The world is changing fast and to keep up you need local knowledge with global context.
As South African billionaire Johann Rupert makes world headlines for getting a vaccine in Switzerland, receiving his jab in December, we explore how global collaboration is being jeopardised – at the expense of the developing world. It’s a race against time to get as many people vaccinated as possible, and develop herd immunity, around the globe as the Covid-19 virus mutates. There are concerns there’s a risk of a widening immunity gap, in addition to fairness considerations. Widespread deployment of vaccines is seen as the key to reviving battered economies everywhere. We speak to Theo Murphy, Africa Director of the European Council on Foreign Relations, for an overview of the geopolitical dynamics and how these impact on countries like South Africa – and why the country lags many other nations in securing vaccines. This debate is not just about access to vaccines but access to the most potent vaccines, as we hear from our partners at Bloomberg, later on in this episode. – Jackie Cameron & Jarryd Neves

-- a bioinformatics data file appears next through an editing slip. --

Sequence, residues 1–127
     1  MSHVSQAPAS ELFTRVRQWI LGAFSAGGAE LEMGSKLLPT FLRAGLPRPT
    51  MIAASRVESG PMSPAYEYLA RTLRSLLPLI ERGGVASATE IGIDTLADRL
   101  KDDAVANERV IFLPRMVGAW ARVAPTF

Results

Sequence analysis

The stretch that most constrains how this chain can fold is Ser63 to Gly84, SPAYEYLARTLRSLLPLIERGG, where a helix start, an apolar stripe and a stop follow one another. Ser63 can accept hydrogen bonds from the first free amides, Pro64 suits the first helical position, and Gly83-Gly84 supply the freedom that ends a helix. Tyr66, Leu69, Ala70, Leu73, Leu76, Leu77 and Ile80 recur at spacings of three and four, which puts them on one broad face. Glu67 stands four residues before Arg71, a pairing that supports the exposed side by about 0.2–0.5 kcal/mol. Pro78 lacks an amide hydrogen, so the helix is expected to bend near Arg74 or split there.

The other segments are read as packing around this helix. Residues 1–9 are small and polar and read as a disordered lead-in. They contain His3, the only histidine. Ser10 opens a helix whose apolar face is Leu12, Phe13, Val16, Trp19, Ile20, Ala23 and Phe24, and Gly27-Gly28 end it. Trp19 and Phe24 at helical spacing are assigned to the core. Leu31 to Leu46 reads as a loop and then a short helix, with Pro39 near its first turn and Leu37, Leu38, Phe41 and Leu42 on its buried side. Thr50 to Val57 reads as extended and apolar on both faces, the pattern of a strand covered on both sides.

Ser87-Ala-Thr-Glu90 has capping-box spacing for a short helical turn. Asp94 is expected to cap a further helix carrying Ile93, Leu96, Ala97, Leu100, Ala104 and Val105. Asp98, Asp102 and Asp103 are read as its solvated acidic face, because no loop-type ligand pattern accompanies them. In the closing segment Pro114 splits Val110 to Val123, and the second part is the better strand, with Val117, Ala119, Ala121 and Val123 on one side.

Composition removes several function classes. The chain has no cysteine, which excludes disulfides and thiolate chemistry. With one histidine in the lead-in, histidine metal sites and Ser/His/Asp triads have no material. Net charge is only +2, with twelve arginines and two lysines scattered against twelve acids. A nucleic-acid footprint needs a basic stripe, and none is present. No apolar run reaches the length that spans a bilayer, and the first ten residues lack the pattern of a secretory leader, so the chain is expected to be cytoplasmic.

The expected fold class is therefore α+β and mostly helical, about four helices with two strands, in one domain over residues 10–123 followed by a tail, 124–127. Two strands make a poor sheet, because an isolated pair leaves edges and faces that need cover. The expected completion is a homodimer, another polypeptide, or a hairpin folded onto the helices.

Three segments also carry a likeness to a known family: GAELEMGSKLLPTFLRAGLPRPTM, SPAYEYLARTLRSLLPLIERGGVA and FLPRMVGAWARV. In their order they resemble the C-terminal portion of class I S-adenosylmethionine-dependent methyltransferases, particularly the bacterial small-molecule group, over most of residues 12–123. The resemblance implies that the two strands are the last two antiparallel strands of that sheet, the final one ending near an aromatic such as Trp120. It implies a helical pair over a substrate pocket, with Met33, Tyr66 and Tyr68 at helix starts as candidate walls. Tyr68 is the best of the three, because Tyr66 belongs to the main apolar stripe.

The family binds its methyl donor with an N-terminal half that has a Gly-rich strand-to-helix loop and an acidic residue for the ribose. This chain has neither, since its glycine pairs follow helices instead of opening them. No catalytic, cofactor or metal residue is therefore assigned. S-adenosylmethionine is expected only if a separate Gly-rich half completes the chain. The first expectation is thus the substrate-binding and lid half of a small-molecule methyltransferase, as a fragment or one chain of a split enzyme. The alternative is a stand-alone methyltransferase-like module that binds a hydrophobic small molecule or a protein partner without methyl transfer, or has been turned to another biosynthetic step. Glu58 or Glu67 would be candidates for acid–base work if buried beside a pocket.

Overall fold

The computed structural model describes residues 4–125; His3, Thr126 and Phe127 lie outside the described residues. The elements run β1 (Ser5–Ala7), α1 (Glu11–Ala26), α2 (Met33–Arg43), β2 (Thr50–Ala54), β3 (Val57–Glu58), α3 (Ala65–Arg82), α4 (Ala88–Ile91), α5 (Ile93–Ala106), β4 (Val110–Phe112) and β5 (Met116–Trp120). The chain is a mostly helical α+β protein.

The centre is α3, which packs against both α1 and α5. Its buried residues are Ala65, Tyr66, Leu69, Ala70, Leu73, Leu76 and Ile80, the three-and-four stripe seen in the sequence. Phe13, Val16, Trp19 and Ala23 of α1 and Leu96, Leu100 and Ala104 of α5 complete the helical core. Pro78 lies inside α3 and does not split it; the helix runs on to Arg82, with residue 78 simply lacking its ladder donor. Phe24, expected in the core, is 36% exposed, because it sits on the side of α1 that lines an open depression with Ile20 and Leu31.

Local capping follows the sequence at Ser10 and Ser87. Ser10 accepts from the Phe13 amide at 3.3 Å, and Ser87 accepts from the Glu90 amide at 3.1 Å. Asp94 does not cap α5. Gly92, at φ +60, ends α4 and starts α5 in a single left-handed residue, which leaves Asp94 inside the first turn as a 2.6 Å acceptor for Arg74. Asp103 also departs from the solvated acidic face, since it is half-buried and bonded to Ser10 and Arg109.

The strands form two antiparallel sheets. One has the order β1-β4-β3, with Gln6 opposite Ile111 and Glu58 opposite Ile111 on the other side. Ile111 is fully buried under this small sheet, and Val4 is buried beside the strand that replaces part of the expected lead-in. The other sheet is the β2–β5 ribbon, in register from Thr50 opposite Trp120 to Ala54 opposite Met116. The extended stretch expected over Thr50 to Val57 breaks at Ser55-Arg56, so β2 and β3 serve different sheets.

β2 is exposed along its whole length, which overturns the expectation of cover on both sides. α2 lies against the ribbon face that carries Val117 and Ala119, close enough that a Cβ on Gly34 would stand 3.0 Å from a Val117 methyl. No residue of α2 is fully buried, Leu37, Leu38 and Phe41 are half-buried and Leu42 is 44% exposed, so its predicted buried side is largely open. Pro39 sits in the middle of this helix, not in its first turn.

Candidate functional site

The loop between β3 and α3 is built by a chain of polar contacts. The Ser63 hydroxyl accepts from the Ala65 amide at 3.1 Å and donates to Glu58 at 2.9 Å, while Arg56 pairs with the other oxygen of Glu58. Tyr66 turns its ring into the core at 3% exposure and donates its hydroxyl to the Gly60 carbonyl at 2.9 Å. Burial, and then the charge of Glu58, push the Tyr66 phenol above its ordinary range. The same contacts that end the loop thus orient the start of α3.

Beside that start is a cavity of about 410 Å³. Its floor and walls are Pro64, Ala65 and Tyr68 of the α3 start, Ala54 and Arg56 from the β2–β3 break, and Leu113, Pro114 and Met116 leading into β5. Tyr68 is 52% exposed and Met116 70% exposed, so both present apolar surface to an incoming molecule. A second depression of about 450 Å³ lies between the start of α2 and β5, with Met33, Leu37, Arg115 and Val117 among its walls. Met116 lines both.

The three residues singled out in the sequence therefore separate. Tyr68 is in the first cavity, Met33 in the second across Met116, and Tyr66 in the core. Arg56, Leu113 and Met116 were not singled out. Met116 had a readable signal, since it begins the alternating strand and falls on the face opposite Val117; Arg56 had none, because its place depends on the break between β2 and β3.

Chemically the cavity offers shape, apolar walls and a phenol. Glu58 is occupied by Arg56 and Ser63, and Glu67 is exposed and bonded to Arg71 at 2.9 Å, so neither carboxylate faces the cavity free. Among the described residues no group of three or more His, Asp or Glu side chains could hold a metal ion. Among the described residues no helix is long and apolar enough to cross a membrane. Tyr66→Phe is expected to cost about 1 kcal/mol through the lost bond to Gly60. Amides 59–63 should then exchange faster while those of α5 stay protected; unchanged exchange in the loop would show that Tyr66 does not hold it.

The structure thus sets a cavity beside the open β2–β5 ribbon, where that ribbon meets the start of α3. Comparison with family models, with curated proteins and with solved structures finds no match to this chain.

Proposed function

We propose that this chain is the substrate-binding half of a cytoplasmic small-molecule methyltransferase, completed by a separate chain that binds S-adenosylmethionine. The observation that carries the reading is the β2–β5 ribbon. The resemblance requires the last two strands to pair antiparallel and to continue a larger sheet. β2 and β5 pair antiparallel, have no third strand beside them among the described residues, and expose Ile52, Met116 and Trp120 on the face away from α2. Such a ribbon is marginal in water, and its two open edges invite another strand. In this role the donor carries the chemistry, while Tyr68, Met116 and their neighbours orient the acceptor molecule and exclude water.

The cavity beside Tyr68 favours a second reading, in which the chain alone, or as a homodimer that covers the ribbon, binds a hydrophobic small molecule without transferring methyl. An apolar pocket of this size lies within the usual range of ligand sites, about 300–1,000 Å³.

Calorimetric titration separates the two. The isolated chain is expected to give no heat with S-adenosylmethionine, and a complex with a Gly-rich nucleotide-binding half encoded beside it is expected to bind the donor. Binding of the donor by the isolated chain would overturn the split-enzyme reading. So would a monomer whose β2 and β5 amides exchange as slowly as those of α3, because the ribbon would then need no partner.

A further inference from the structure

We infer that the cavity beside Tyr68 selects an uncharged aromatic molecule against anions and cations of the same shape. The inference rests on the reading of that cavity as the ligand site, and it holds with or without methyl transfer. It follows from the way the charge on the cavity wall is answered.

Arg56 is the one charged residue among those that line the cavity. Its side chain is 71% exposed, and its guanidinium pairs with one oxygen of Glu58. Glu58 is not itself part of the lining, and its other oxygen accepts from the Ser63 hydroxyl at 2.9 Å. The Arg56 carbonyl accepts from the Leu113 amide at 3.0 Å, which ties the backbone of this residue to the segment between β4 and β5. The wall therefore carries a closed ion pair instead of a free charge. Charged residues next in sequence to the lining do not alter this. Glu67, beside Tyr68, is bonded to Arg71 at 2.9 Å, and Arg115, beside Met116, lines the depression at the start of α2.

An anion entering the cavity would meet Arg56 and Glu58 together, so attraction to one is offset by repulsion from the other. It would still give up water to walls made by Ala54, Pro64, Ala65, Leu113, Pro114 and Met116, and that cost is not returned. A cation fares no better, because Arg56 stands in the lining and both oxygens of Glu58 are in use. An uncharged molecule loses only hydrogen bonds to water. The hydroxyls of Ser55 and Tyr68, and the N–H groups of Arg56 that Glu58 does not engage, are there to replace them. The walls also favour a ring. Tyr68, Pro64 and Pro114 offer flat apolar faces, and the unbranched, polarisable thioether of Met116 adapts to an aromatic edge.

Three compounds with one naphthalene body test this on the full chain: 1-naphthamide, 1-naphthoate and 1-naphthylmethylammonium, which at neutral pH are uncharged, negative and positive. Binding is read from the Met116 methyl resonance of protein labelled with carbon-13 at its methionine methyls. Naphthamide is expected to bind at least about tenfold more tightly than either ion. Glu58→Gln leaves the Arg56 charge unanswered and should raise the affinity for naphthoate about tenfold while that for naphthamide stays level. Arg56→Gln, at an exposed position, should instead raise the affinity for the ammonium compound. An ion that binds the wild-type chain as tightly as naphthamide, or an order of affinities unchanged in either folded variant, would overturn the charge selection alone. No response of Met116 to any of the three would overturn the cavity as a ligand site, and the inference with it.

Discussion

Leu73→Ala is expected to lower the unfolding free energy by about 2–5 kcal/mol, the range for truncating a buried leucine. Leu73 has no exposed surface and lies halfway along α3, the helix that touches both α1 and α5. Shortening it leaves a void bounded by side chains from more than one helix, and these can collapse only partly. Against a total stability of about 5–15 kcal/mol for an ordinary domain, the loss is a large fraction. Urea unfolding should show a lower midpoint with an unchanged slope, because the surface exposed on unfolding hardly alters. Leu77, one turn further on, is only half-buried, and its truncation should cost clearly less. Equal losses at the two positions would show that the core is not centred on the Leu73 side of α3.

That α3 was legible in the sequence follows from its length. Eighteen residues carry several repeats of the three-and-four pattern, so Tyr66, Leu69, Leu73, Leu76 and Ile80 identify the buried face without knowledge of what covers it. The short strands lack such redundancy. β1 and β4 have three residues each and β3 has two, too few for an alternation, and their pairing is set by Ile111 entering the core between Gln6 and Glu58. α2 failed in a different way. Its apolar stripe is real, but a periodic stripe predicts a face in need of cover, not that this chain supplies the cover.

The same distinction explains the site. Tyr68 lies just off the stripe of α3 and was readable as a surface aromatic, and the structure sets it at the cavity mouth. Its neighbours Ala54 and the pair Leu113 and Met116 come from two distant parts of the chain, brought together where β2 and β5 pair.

Inside Covid-19 headlines
- More than 138,000 people tested positive for Covid-19 in January in South Africa. South Africa recorded 647 coronavirus-related deaths in a 24-hour period, pushing the total number of confirmed deaths to 39,501, Health Minister Zweli Mkhize announced late Thursday. The worst hit provinces are the Eastern Cape and Western Cape, with just under 10,000 deaths reported in each province. Among those to have died this week is: Minister in The Presidency and former ANC chief whip Jackson Mthembu.
- The Johns Hopkins Coronavirus Resource Center reported about 98m cases of and about 2,1m deaths around the world as a result of Covid-19.
- South Africa will pay $5.25 (about R80) per dose for 1.5 million shots of AstraZeneca’s coronavirus vaccine from the Serum Institute of India (SII), a senior official said on Thursday, more than some wealthier countries are paying. Health department Deputy Director-General Anban Pillay told Reuters that SII’s price was based on South Africa’s status as an upper-middle-income country under a World Bank classification. The price is higher than the $3 (about R45) a dose that South Africa and other countries on the continent are due to pay for the same vaccine under an African Union (AU) arrangement, and the 2.5 euros ($3.03) per dose European Union countries have agreed to pay. South Africa is hosting clinical trials of the vaccine developed by AstraZeneca in partnership with Oxford University, raising questions about the higher price it will be paying.